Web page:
Other research has been conducted by Wendy Maltz, a renowned authority on sexuality in the United States. In her book Private Thoughts (New World Library, 2001), she documents a case of a woman who used sexual fantasies to aid her recovery from a car accident. Georgine was seriously injured in a car accident that left her paralysed from the waist down. During her recovery, she would engage in a variety of explicit sexual fantasies. The effect was so powerful that she could literally feel the heat of the sexual energy coursing through her paralysed body. Although her fantasies could not cure her paralysis, they did help to keep her body as alive and stimulated as possible. Sexual fantasies helped Georgine experience her paralysed body, and her sexuality, in a new and vibrant way.

Other studies have shown that a healthy sexual fantasy life can improve the immune system, ease migraine headaches, reduce the risk of heart disease, relieve depression and reduce stress.

Common fantasies

Many people feel guilty about their sexual fantasies, and wonder, "Am I normal?" The answer is usually yes. A range of sexual fantasies are considered healthy and normal by most therapists. "Many people worry about their fantasies being ‘kinky’, but such fantasies are common. Unusual fantasies can help maintain arousal and are harmless if there is no compulsion to actually experience an act that would be emotionally or physically harmful to oneself or to others," says Dr Robert Birch, sexologist and adult sexuality educator.

Here are some common fantasies for both men and women:

Fantasising about your partner

You may be surprised, and pleased, to know that research indicates the number one fantasy for both men and women is fantasising about their partner — including things they’ve done with their partner and things they’d like to do with their partner.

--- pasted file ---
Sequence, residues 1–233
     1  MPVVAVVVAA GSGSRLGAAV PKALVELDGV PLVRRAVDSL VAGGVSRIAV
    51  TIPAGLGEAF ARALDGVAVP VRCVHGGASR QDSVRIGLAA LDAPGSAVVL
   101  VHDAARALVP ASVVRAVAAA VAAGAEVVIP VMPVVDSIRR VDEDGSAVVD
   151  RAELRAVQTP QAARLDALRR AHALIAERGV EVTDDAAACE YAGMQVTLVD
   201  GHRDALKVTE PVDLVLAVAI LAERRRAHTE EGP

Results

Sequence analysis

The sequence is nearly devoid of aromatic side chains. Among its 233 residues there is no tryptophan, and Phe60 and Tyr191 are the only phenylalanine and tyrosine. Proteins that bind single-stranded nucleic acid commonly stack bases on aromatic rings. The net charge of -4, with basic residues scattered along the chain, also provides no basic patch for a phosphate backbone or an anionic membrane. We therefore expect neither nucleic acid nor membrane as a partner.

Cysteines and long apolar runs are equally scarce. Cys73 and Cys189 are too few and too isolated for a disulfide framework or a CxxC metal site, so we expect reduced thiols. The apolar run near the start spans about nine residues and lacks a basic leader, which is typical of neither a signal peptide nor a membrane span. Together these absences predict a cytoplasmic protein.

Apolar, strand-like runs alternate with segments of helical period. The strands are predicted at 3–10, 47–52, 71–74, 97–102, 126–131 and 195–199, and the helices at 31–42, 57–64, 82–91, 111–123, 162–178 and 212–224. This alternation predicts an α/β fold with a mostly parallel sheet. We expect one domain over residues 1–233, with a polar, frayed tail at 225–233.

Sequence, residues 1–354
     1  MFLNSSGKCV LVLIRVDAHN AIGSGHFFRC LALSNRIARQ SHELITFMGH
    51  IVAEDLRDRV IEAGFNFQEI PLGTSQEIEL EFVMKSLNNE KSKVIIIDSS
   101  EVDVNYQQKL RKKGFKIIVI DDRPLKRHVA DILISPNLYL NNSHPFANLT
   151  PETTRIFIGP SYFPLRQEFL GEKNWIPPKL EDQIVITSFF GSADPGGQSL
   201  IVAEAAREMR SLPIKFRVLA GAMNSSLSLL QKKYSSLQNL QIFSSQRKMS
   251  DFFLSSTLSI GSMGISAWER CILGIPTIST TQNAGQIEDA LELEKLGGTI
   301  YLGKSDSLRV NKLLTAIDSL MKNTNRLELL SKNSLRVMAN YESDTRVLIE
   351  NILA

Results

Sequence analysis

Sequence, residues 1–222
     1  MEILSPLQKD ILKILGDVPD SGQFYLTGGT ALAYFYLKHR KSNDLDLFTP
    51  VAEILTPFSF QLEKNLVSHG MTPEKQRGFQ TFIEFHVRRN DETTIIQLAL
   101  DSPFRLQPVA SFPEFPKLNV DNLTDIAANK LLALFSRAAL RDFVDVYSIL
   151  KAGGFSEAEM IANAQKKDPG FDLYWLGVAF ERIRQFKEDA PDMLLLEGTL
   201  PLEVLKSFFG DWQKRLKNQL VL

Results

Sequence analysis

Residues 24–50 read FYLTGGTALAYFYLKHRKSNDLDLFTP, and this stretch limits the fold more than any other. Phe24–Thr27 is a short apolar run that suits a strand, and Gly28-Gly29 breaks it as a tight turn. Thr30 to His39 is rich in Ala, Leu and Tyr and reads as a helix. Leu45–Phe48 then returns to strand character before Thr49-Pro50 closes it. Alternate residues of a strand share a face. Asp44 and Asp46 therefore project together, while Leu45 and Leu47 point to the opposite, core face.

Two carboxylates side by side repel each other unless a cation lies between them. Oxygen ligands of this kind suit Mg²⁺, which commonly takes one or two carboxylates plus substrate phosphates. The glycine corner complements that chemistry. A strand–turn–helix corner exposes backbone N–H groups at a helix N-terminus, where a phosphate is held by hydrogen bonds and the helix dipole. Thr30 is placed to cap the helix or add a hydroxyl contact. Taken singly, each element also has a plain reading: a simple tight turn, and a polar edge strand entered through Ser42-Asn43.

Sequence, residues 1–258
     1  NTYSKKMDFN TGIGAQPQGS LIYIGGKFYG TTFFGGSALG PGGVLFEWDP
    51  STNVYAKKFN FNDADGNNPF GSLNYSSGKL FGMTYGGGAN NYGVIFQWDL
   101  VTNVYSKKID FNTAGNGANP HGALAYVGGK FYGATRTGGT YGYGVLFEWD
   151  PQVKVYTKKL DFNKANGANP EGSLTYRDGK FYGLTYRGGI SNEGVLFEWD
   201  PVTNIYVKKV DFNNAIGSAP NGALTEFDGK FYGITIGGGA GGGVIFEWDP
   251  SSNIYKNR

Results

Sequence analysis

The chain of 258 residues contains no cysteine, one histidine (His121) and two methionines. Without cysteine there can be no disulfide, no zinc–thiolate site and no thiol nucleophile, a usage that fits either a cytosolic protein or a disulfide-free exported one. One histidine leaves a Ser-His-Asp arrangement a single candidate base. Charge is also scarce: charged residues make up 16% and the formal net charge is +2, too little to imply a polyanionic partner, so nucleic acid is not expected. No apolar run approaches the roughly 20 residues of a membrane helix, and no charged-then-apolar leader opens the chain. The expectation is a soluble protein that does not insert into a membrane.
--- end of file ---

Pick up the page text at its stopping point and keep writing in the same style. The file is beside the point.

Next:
Fantasising about someone other than your partner

This fantasy is considered fine as long as it doesn’t detract from your desire for your partner and you don’t become obsessed with the person you are fantasising about.

Fantasising about sex with more than one person at a time

This is about complete indulgence and satisfaction. If sex with one person is great, sex with more is surely fantastic, at least in fantasyland.

Having sexual power over another

Within limits, this fantasy is fine. It’s about taking control of your sex life and being able to express your desires, ask for them directly, even demand them — getting what you want and need.

Being sexually irresistible/exhibitionism

This is about being sexually desirable, the epitome of sexuality. An example is putting on a seductive or raunchy strip show for your partner, or an appreciative audience! You’re so gorgeous, everybody wants you!